I have struggled with low self-worth and marginal self-confidence since moving to Seattle two and a half years ago. I have pulled in a decent paycheck most of my adult life. Now that I am the new girl in a city where I have few friends and a business that is relatively unknown, my income is close to zero. While I am taking excellent care of my family, I am equating my business net worth with my personal self-worth. I know this is the wrong way of looking at it, but that is where my head is.
I was recently asked to attend a $150 per plate (suggested donation) luncheon for the second year. Although this is a hefty sum for my business presently, I accepted. You never know who you will meet and the connections you might make.
My table captain texted me the day of the event telling me she had oversold the table by one and that I would be sitting nearby. I was not bothered because I knew I could make good connections regardless of where I sat. I arrived uncharacteristically early to discover I was still sitting at the table of my original table captain. Great!
I settled in, and I began chatting with each person as they arrived. I was delighted to see a lovely women I met last year. We smiled and waved as I drawled, “Heeeey!!!” from across the table. I was having a wonderful time!
About five minutes before the program was to begin, I noticed a small hubbub off to the side. My table captain and another lady were speaking to each other. Suddenly, my table captain asked me from across the table if I would move so this woman could sit down. I was stunned and embarrassed. I quietly told the gentleman seated to my left I was being asked to move, and I quickly gathered my belongings and vacated the seat.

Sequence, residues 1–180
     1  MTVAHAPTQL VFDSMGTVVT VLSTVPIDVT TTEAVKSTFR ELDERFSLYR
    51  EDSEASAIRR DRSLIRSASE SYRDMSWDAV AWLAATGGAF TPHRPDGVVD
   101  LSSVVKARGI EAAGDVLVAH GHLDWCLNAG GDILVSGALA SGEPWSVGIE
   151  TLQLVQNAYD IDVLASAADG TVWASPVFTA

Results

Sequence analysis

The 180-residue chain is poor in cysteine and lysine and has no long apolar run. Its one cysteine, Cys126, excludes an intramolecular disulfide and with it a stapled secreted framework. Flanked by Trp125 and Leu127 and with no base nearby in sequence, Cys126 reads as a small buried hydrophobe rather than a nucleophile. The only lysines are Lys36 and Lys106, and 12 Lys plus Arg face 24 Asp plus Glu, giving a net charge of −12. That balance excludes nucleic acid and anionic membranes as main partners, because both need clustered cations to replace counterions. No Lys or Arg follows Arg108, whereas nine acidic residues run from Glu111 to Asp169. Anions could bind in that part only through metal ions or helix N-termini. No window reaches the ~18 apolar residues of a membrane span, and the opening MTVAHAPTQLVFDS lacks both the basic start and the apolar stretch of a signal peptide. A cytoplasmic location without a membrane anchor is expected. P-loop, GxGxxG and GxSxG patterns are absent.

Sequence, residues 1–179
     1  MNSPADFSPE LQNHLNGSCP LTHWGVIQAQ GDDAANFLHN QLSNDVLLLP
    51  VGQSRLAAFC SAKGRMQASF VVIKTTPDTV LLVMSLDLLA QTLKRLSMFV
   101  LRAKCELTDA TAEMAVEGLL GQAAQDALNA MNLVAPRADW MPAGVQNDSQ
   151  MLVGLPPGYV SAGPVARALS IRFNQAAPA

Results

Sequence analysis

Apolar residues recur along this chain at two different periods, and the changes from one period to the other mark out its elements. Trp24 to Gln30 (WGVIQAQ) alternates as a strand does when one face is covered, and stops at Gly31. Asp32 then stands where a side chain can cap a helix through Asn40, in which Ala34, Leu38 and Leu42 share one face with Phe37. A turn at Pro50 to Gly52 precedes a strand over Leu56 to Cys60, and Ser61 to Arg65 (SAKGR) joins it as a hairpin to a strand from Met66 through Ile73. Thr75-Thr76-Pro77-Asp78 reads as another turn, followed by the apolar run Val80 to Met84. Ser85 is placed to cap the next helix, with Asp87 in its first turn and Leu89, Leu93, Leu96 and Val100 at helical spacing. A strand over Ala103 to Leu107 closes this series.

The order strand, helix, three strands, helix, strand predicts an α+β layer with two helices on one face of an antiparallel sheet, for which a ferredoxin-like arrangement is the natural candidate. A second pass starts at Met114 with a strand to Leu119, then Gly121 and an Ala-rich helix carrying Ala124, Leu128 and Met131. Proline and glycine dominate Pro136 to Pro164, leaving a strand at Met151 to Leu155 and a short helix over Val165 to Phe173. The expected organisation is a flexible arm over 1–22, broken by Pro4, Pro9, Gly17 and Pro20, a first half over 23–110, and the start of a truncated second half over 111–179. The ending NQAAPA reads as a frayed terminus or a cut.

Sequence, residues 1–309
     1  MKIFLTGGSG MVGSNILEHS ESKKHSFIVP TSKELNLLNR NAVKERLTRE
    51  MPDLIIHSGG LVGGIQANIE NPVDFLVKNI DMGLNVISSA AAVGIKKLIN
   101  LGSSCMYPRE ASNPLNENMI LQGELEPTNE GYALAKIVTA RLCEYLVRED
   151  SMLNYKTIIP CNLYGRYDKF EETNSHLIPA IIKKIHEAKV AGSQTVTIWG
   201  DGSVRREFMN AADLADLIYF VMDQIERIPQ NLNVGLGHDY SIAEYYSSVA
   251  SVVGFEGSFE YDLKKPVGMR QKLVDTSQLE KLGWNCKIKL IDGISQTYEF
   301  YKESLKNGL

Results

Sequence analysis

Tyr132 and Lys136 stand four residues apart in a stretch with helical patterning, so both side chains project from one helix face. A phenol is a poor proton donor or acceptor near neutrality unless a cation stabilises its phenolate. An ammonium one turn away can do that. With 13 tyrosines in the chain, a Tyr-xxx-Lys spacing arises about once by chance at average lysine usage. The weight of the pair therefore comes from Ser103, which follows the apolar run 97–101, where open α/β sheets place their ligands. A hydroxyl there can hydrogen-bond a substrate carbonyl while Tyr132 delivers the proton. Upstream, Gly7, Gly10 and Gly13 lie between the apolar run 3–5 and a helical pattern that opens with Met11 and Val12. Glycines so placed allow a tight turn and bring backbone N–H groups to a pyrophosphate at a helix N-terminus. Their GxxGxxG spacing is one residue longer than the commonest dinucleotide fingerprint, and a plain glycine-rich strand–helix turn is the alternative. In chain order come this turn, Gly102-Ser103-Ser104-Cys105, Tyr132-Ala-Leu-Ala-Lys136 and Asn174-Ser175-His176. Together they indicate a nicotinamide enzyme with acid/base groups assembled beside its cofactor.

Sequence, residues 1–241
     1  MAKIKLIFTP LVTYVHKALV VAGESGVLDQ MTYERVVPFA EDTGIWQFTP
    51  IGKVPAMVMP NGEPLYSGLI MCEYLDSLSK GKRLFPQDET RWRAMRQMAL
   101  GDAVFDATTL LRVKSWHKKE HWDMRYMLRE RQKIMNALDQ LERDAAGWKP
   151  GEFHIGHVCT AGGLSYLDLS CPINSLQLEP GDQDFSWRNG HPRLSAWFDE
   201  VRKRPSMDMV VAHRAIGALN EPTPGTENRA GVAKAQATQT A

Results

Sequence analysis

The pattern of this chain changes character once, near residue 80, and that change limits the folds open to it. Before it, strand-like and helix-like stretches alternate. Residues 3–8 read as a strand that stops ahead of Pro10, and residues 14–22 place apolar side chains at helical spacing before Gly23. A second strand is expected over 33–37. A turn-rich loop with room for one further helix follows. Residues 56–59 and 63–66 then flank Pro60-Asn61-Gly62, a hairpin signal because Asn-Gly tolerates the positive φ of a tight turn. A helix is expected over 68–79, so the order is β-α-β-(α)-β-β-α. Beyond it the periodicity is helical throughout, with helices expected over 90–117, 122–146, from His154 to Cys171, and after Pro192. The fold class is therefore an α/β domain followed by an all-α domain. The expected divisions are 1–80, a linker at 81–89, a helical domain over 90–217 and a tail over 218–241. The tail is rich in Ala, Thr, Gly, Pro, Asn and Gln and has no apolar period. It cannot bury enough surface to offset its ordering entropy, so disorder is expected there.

A Hasty Exit
As I sat one table over in my new seat, I was crushed. I felt tears welling up despite telling myself not to be upset. That’s when I knew I had to leave to avoid making a scene. As discreetly as I could, I left with my $150 check still in my wallet. All the way home, I cried in my car. Later that day at my boutique job, I barely held it together as I shared the story with my co-workers. As I told it to my husband that evening, I bawled like a baby.
It was not Personal
To be made to feel you are not welcomed, not good enough or not important hurts. To be fair to the table captain, her actions were not personal. We barely know each other. She was simply accommodating long-time supporters of the event. However, I was taught to make an extra fuss over the newcomer so they feel the most welcomed.
What I Learned
As an optimist, I look for the lessons in the trials of life. Here are the three things I took away from this difficult day:
- Know your place at the table. You may not be good enough to be at one person’s table, but you sit at the head of your own table. You have the seat of honor at many tables of those who love you. One person’s opinion of you does not define you.
- Keep saying yes. Do not allow one bad experience to send you into hiding. Keep your head up, remain true to yourself and continue to accept invitations that come your way. Keeping your heart open is a vulnerable position, but closing your heart is damaging to you and to those around you.
- Remember the lesson when it’s your turn. My “table captain” moments will be my opportunity to do things well. I hope each person will feel like the most important person in the room.
If one day you are asked to move (either literally or figuratively), do so quietly and gracefully, holding onto the knowledge that you are valuable beyond measure.